About Gastric Cancer

Gastric cancer is the fifth most common cancer worldwide and the third most common cause of cancer-related death (after lung and liver cancer), with an estimated 723,000 deaths annually.2 

In the United States (U.S.), in 2018, there were an estimated 26,240 new cases and 10,800 deaths.3 Approximately 35 percent of U.S. patients with gastric cancer are diagnosed at the distant or metastasized stage.3 Metastatic gastric cancer is associated with a five-year survival rate of about 5 percent.3

Standard chemotherapy regimens in U.S. for advanced gastric cancer include fluoropyrimidines, platinum derivatives, and taxanes (with ramucirumab), or irinotecan. After failure of first- and second-line therapies, subsequent treatment options are limited.

About LONSURF

LONSURF (trifluridine/tipiracil) is an oral anticancer drug, which utilizes the combination of trifluridine (FTD) and tipiracil (TPI), whose dual mechanism of action is designed to maintain clinical activity and differs from conventional fluoropyrimidines. FTD is an antineoplastic nucleoside analogue, which is incorporated directly into the DNA, thereby interfering with the function of DNA. The blood concentration of FTD is maintained via TPI, which is an inhibitor of the FTD-degrading enzyme, thymidine phosphorylase.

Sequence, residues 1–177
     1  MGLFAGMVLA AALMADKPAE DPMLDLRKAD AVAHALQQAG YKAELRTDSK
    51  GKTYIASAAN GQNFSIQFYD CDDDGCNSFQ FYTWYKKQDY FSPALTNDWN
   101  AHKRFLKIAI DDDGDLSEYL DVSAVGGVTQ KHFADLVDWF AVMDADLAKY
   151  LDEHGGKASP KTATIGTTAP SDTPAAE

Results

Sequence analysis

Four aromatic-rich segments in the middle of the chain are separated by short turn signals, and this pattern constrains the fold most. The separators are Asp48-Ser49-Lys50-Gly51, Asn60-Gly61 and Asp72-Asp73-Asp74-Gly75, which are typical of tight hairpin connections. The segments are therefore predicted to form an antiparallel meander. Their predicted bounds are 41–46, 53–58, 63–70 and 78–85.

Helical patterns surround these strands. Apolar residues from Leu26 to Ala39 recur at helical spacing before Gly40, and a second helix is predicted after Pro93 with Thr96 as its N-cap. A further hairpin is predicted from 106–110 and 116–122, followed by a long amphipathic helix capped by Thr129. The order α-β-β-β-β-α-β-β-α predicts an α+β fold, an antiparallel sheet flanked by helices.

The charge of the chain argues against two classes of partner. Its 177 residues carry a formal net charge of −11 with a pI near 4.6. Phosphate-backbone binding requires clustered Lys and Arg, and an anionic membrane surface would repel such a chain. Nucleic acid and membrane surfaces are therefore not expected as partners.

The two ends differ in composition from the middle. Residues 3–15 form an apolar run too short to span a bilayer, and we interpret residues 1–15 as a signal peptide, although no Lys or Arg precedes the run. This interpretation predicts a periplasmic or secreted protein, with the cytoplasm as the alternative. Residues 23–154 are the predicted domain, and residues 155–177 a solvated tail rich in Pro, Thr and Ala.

In Japan, Taiho Pharmaceutical has been marketing LONSURF for the treatment of unresectable advanced or recurrent colorectal cancer since 2014. Taiho Oncology, Inc., a U.S. subsidiary of Taiho Pharmaceutical, has been marketing LONSURF in the United States for mCRC refractory to prior therapy, since receiving FDA approval in 2015. Taiho Pharmaceutical and Servier* are in an exclusive license agreement for the co-development and commercialization of LONSURF in Europe and other countries outside of the United States, Canada, Mexico, and Asia. In parts of Asia outside of Japan, Taiho Pharmaceutical’s business partner TTY Biopharm launched LONSURF in Taiwan in 2018, and Jeil Pharmaceutical is preparing to bring the drug to market in South Korea.

As of February 2019, LONSURF has been approved as a treatment option for advanced mCRC in 66 countries and regions worldwide

*Servier is an international pharmaceutical company governed by a non-profit foundation, with its headquarters in France (Suresnes).

 

1 Shitara, K., Doi, T., Dvorkin, M., et al. Trifluridine/tipiracil versus placebo in patients with heavily pretreated metastatic gastric cancer (TAGS): a randomised, double-blind, placebo-controlled, phase 3 trial. The Lancet Oncology. 2018;19(11): 1437-1438. https://www.thelancet.com/journals/lanonc/article/PIIS1470-2045(18)30739-3/fulltext. Accessed February 2019.

2 Ferlay J, Soerjomataram I, Dikshit R, et al. Int J Cancer. 2015;136:E359-86.

3 National Cancer Institute Surveillance Epidemiology and End Results Program. Cancer Stat Facts: Stomach Cancer. https://seer.cancer.gov/statfacts/html/stomach.html. Accessed February 2019.

 

Information in this news release was current as of the original release date.